The rustic charm of a cordwood home not only has great eye appeal but is the result of a building technique that homeowners can be a part of while being ecologically friendly. The materials are wood waste products for the most part and the labor can be extremely cheap if you build it yourself. But people shouldn’t deceive themselves about this practical application for creating a facility while minimizing its carbon footprint.
Depending on the size of your project, the work can be labor intensive. If the project is small like a storage shed or a detached garage, then time is not of the essence and the finished product can have a few minor flaws that can be easily over-looked. But if this structure is going to be your home for the next few years or longer, give some serious thought to what is expected of you, your spouse and anyone else who is committed to this.
My sense is that if you are not construction savvy and are not retired, unemployed or independently wealthy and need a hobby, constructing a cord-wood home can be overwhelming for you. If you are not prepared for this then you should consider a professional builder for the labor. The eco-friendly aspect of the home will remain there as will the quaint beauty you imagined.
On the other hand, if you are not in a hurry, have some basic building skills and want to fill spare time on evenings and weekends, then making this from scratch with your own hands will suit the creative juices in your blood and give you something to boast about for years. To boot, you will have built a home that doesn’t require the more extensive use of fossil fuels to put it together and have used more natural materials that give you great comfort while accommodating the need to keep your carbon footprint small.
To keep it eco-friendly, you should try to locate your material – wood log pieces – in a concentrated area like a forest or wood mill. Driving all over creation to find material offsets your intent to prevent burning fossil fuels and “keeping it green”.
You save even more and keep your work greener by creating well-built exterior walls that will provide an insulated barrier between you and the elements outside. The thickness of your walls will determine the degree of insulation you can achieve. There is time involved too in preparing the materials that make up a cord wood building. To insure a tight wall, you must allow your wood to cure and mix your mortar properly to avoid any shrinking or cracking over time that will create voids.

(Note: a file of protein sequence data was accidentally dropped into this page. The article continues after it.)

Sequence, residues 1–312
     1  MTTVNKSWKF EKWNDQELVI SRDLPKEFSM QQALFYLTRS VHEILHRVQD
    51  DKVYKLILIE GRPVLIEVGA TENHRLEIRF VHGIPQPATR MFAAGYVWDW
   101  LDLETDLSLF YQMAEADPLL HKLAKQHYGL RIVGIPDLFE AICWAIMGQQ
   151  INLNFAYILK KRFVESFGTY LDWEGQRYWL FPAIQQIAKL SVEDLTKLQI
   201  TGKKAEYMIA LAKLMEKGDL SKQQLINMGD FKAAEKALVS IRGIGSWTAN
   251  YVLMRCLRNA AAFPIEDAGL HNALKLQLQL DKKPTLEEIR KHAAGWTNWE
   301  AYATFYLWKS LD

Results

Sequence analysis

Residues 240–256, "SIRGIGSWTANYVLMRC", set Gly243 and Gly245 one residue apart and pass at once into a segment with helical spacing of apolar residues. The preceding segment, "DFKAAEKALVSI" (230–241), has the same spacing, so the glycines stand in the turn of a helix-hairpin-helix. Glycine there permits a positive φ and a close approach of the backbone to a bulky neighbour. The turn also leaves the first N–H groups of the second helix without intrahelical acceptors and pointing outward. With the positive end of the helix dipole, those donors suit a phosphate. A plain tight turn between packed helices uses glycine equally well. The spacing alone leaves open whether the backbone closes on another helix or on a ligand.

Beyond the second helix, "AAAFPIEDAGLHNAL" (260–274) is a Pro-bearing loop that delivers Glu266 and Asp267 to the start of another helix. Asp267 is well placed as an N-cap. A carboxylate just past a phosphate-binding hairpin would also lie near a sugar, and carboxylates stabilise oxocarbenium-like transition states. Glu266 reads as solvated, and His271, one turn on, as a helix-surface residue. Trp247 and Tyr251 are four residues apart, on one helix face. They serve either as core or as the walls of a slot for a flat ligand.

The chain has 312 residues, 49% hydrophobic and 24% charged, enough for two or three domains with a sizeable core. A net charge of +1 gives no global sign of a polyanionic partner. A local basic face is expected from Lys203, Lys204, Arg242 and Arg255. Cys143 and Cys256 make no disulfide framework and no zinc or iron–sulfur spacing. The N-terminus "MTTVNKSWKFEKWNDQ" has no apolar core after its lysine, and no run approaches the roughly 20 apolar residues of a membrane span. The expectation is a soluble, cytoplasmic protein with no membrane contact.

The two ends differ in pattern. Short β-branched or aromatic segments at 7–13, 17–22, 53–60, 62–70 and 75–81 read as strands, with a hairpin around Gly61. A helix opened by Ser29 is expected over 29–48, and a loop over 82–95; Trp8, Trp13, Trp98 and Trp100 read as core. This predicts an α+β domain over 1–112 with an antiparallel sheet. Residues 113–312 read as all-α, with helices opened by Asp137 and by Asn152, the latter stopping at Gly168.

Cordwood construction expert Richard Flatau suggests that all wood should dry “to the minimum moisture content for your area. Your wood should have cracks and checks in it before you use it. Otherwise it will shrink in the wall and let air in,” Flatau informs us.
According to Flatau, it is also important that the “mortar mix must be one that will cure slowly and set up relatively slowly. The latest craze in cordwood is a Lime Putty Mortar (LPM) mix which is basically how the Romans did it. [Recycled materials like] soaked sawdust and slurried paper have been used successfully to slow the set and cure of the mortar.”
Through proper design and construction, you can insure that any heat or air loss is kept to a minimum. You can further add to the unique beauty of a cord wood home by utilizing old bottles and colored plate glass in critical areas to blend with the cord wood. This not only changes the character of your home but provides some interior light in unlit places.
There are some areas where you can cut corners, like interior cabinets and floors; but don’t short change good plumbing and wiring installations. Unless you’re a professional of either of these, local codes will require a licensed technician to perform these requisites. Buy quality windows too. What good is all your work for air tight walls if you fail to provide windows and exterior door openings with integrity and durability?
The cordwood home is a thing of beauty and a statement to your green ecological point of view. There are serious people in this industry so if you’re leaning in this direction, become familiar with “Cordwood Construction Best Practices”. The conference held by cordwood specialists in Merrill, WI back in July of 2005 put together a catalog for this along with a “Cordwood Code Guide Booklet”. Much of the literature you’ll need on this can be purchased at Richard Flatau’s website.
Source: “Best Practices with Cordwood Construction” by Richard Flatau, Nauhaus Idea Repository, 7/17/09